To the surprise, I hope, of no one, Iran has confirmed that it has sent troops to aid Bashar al-Assad in his efforts to suppress the Syrian uprising.
“If the Islamic Republic was not present in Syria, the massacre of civilians would have been twice as bad,” General Ismail Qa’ani, deputy-commander of the Iranian Revolutionary Guards’ Qods Force, told Tehran’s ISNA news agency.
Iran, he added, “Had physically and non-physically stopped the rebels from killing many more among the Syrian people.”
Is there any point in even responding to this, other than with opened-mouth wonder?
This was a rare admission by an Iranian official that Tehran was truly aiding the Damascus regime.
The quote was later removed from ISNA’s website.
All around us the soldiers of course said that the massacre that happened here on friday was caused by the rebels, or the “terrorists”, as they put it.
We met one man, an engineer called Ahmed Masood, who showed us his house, which he said had been attacked by terrorists.
When questioned closely, he admitted he was not there when it happened. His house is also right next to a military base and in an area where there are no civilians.
The deputy head of the UN mission in Syria, Martin Griffiths, told me: “We managed to find one family. There was a woman, unfortunately dead, with her four dead children. We were able to remove the bodies.”
I asked him what conditions were like in that part of the town he replied: “We were near the centre of the town when a Syrian army armoured personnel carrier approached.
“It passed us and fired two rounds. That of course caused a firefight. It certainly slowed us up a little in our mission.”
That might be something of an understatement. Firing here certainly continued throughout the time that we were there. This is not a conducive or an easy environment to make sense of what happened here on Friday.
Nonetheless, the United nations mission here is trying. Mr Griffiths told me that he had a corroborated story from two different sources.
The first is the Free Syrian Army command in the nearby town of Rastan, who said that the massacre on Friday was caused by “Shabiha” – civilian militia.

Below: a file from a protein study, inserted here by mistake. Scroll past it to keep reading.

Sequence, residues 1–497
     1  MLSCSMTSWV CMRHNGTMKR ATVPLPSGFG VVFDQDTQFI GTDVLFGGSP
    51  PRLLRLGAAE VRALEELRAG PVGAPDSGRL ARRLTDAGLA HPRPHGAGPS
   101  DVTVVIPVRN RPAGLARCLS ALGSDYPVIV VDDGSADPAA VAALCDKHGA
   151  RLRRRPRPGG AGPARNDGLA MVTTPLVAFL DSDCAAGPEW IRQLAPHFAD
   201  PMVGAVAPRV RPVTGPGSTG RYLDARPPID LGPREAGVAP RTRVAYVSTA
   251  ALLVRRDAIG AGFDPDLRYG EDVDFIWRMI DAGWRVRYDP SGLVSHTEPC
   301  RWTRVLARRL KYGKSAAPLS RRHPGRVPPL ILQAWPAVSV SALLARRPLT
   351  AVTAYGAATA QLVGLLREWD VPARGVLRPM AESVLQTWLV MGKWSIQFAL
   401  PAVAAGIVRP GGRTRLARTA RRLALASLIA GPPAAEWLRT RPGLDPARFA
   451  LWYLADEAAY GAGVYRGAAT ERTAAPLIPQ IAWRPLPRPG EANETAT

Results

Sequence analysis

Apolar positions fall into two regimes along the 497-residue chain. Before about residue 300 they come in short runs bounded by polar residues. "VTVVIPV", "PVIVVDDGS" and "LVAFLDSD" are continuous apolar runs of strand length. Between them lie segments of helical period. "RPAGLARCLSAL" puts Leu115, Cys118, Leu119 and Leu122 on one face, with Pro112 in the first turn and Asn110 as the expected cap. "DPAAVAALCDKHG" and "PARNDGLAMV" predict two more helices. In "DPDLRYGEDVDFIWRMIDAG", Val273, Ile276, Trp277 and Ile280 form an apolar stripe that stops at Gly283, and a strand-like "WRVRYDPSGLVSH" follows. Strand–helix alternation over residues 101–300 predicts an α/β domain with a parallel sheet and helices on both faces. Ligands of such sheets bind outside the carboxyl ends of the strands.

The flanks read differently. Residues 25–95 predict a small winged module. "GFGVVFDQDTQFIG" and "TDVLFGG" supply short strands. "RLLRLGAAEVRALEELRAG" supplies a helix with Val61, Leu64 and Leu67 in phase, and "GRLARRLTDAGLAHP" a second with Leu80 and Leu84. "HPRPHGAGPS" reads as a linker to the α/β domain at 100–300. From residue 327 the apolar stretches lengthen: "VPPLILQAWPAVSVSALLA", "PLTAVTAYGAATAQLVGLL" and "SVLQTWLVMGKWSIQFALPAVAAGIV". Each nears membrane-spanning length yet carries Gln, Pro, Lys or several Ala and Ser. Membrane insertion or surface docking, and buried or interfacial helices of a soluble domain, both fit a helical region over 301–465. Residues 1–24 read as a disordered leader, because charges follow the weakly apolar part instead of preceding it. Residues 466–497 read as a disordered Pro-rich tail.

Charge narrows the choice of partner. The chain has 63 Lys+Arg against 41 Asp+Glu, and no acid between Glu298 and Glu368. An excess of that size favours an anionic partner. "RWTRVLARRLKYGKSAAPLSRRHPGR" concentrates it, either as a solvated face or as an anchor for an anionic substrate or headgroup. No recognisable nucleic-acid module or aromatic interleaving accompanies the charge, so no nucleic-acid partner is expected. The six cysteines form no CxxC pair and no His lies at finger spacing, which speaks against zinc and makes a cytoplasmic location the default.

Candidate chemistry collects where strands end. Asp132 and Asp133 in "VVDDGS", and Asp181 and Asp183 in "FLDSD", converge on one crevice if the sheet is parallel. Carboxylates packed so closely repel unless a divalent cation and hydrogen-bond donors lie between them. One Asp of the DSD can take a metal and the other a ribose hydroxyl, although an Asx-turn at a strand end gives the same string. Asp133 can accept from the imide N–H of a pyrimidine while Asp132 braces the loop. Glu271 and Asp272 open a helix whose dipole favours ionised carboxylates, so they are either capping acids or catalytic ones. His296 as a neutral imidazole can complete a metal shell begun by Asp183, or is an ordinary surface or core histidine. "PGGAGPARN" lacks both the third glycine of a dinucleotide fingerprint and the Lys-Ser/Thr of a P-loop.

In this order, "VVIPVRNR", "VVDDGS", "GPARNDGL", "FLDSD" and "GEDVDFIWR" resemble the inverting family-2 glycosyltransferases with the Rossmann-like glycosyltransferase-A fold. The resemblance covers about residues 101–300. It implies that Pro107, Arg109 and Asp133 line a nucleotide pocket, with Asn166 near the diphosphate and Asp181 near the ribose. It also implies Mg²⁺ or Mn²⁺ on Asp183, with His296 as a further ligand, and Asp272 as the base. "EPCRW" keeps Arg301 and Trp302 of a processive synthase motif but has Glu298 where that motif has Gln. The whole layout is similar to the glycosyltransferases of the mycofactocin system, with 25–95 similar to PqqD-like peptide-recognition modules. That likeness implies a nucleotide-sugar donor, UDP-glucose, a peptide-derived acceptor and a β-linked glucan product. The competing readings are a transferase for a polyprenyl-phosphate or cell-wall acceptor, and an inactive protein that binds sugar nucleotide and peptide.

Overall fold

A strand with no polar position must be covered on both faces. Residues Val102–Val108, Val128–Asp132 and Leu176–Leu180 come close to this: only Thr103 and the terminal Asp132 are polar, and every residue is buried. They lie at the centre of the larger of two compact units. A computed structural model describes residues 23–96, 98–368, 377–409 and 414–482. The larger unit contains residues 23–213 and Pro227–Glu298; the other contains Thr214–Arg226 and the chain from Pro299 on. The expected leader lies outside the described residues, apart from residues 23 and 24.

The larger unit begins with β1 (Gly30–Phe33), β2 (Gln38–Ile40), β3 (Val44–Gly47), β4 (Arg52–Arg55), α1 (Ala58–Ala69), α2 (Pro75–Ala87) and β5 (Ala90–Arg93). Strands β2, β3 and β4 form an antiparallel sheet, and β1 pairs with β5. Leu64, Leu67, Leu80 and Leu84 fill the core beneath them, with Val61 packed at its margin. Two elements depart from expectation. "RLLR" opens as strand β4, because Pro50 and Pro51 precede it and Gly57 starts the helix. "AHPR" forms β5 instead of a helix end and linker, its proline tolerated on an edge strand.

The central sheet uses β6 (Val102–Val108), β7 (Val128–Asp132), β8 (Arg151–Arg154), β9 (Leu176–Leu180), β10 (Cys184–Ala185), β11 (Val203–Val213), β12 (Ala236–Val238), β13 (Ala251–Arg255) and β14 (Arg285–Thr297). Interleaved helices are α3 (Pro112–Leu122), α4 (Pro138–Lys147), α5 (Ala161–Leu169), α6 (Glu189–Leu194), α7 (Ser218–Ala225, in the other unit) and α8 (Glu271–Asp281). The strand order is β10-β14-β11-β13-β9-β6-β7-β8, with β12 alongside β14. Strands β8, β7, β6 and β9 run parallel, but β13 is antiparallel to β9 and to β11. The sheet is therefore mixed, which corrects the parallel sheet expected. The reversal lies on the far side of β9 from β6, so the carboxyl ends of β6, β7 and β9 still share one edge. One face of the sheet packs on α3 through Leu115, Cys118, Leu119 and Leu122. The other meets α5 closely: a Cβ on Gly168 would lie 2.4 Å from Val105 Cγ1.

And that is the story that they heard elsewhere. In the town of Houla they questioned people repeatedly and the story was always the same, that at approximately 12.30pm on Friday after prayers there was a sustained barrage lasting in the region of two hours from the Syrian army.
This was followed by concerted attacks on foot led by the Shabiha, and this is when the masacre occured. The killings, these sources say, happened some time in the period from 3pm on Friday to approximately 1-2am on Saturday.
Longtime Assad ass-licker Patrick Seale blames it all on outside support for the anti-Assad rebels. Yes. He really did.
At the UN Security Council, Russia and China can’t even bring themselves to sign onto a statement condemning the Syrian government “in the strongest possible terms.”
The reaction from the White House:
“These acts serve as a vile testament to an illegitimate regime that responds to peaceful political protest with unspeakable and inhuman brutality,” a White House spokesman said.
An impressive deployment of adjectives. But perhaps a deployment of fighter jets is more in order now.
Meanwhile Syrians (such as these in the town of Binnish in Idlib province) keep trying to get the world’s attention.
Update: In a potentially significant development, Russia and China joined the rest of the UN Security Council in a statement condemning the Syrian government for its use of heavy weapons in Houla.